Hamm brothers to return to competitive gymnastics
It will be a while until the world finds out if Paul Hamm is the same, gold-medal gymnast last seen during his strange odyssey at the Athens Olympics.
If he's still that guy, or even if he's lost a bit, his return should certainly help the struggling U.S. men's gymnastics team.
"We know for a fact if we're in good shape, we can help the team," Hamm said Wednesday. "Not just help the team improve from 13th place, but hopefully help the U.S. contend for a medal."
The Hamms are training six days a week at Ohio State as they work themselves back into competitive shape. They plan to participate in a limited number of events in 2007 while they finish school, including the U.S. championships in August in San Jose, Calif.
Morgan will get his degree in exercise science in March and plans to go to chiropractic school after the Olympics. Paul will graduate with an accounting degree in June and plans to go to business school.
They should begin a full competitive schedule in 2008 that will culminate with the Olympics in Beijing.
"A very positive thing," USA Gymnastics president Steve Penny called the decision. "These guys know what it takes to win, and I'm confident that they would only be doing this if they felt like it was going to be positive for them and positive for USA Gymnastics."
Paul Hamm won the gold medal in the all-around in Athens in 2004. Soon after the event, however, the International Gymnastics Federation acknowledged a scoring error had been made on South Korean Yang Tae-young's second-to-last event, and he wound up with the bronze.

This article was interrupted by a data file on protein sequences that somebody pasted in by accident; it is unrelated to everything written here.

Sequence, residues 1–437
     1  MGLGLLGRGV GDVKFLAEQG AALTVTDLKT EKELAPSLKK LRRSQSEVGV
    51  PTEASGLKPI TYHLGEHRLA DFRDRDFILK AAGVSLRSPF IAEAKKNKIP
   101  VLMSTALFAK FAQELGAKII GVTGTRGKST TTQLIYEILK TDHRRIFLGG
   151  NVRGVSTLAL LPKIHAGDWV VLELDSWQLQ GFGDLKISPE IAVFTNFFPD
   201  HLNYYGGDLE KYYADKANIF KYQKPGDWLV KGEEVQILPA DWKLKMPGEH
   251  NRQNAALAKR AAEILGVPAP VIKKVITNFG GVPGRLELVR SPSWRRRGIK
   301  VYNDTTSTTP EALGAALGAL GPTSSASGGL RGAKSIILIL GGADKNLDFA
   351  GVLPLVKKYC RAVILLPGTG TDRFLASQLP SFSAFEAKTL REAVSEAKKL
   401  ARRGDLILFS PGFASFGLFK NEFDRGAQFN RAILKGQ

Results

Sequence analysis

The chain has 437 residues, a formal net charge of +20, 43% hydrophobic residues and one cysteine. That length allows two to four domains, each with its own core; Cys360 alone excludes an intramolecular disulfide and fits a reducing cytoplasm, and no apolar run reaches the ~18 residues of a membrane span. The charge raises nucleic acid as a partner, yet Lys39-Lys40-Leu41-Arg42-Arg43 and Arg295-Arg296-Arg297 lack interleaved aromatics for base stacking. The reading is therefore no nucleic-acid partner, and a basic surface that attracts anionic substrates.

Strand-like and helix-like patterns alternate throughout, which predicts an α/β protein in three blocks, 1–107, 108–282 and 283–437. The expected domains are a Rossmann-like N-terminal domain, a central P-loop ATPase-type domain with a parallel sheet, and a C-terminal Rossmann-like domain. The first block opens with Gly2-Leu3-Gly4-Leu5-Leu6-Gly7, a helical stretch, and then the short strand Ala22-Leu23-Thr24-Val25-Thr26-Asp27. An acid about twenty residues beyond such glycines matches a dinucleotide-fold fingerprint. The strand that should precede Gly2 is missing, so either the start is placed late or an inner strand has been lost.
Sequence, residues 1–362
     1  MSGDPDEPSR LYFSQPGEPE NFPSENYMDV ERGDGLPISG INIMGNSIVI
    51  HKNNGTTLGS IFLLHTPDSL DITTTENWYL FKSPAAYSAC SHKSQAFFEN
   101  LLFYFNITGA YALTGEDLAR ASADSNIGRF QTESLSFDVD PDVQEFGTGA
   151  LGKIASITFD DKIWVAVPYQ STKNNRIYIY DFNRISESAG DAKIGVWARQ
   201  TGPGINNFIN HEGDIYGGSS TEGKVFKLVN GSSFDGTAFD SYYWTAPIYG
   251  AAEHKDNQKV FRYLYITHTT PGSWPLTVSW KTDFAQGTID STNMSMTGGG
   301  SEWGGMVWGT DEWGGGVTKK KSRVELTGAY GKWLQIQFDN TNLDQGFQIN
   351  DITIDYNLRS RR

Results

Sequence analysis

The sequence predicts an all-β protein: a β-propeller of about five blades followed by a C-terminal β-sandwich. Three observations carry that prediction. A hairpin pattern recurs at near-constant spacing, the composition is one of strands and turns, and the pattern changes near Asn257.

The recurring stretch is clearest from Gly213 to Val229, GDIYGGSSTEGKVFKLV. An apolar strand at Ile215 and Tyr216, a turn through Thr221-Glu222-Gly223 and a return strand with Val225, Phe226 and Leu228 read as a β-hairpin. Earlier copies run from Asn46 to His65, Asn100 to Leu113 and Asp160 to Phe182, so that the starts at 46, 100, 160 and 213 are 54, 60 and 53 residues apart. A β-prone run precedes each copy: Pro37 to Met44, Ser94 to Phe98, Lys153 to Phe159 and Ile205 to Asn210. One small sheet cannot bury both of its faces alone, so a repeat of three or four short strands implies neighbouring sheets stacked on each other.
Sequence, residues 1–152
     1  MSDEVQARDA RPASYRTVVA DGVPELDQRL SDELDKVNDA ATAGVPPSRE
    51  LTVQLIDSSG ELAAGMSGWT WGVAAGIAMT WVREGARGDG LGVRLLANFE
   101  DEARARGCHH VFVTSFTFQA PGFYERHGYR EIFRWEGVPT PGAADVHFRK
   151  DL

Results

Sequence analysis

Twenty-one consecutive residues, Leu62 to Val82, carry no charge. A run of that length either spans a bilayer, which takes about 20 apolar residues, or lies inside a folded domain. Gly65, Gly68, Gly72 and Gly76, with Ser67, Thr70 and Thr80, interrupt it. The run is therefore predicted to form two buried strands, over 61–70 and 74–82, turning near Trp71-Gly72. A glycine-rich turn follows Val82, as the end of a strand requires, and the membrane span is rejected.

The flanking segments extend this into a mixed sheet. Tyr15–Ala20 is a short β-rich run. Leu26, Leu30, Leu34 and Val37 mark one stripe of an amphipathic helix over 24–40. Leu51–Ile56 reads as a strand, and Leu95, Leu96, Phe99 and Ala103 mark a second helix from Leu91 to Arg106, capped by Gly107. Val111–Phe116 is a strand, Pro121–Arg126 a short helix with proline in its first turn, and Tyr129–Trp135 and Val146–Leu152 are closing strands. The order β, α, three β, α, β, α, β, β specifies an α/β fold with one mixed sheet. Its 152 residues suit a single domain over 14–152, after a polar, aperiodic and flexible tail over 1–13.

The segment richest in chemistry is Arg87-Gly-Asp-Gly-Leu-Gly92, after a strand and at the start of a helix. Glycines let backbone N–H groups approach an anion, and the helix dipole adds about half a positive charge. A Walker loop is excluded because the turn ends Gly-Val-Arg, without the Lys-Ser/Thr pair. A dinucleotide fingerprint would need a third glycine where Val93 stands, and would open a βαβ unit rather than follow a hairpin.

The Koreans protested. When FIG president Bruno Grandi suggested Hamm share the medal as acknowledgment of a mistake, Hamm was forced to defend his gold well after the Games were over, all the way to the Court of Arbitration for Sport.
CAS eventually declared Hamm the rightful gold medalist, and Grandi told the AP in October that he considered the American the true Olympic champion.
The episode soured Hamm on gymnastics for a while, and his relationship with USA Gymnastics and the U.S. Olympic Committee became strained. All parties have worked out their differences in time for the brothers to try to become three-time Olympians.
"That would be nice to end our career in this sport with a different note," Paul Hamm said. "One without controversy, hopefully, and a relatively high amount of success. We would love to be able to go to another Olympics and have people remember us for another great performance."
The Hamm incident and other scoring problems in Athens brought about changes in the gymnastics scoring code. The Hamms, 24, sat out and analyzed the new system before making their decision.
"A love of the sport is a big part of it," Morgan Hamm said of their return. "We love gymnastics. We want to see what we can accomplish. To see if we can make the Olympic team again and win medals in Beijing.
"Our No. 1 goal is to help team get back into medal contention."
The 13th-place finish at the most recent world championships put USA Gymnastics in a delicate situation. It was obvious they needed the Hamms to be competitive and have any chance of duplicating the team silver won in Athens.
"We are somewhat of a package deal," Paul Hamm said. "We've trained together our whole lives and we want to train together. It makes us stronger, and it's going to make the U.S. team that much stronger."
The United States must finish in the top 12 to qualify for the Olympics. Another 13th-place finish and the United States would send only a few individuals to the Games, and the Hamms could be left at home.
Though the Hamms aren't expected to compete at worlds, Penny said he expects the team to finish in the top 12.
"We look at last year's world championships as a bad day in the office," Penny said. "I have all the confidence in the world that the men's program is committed to keeping the bar set high and going after it as hard as they can."
Copyright 2007 by The Associated Press
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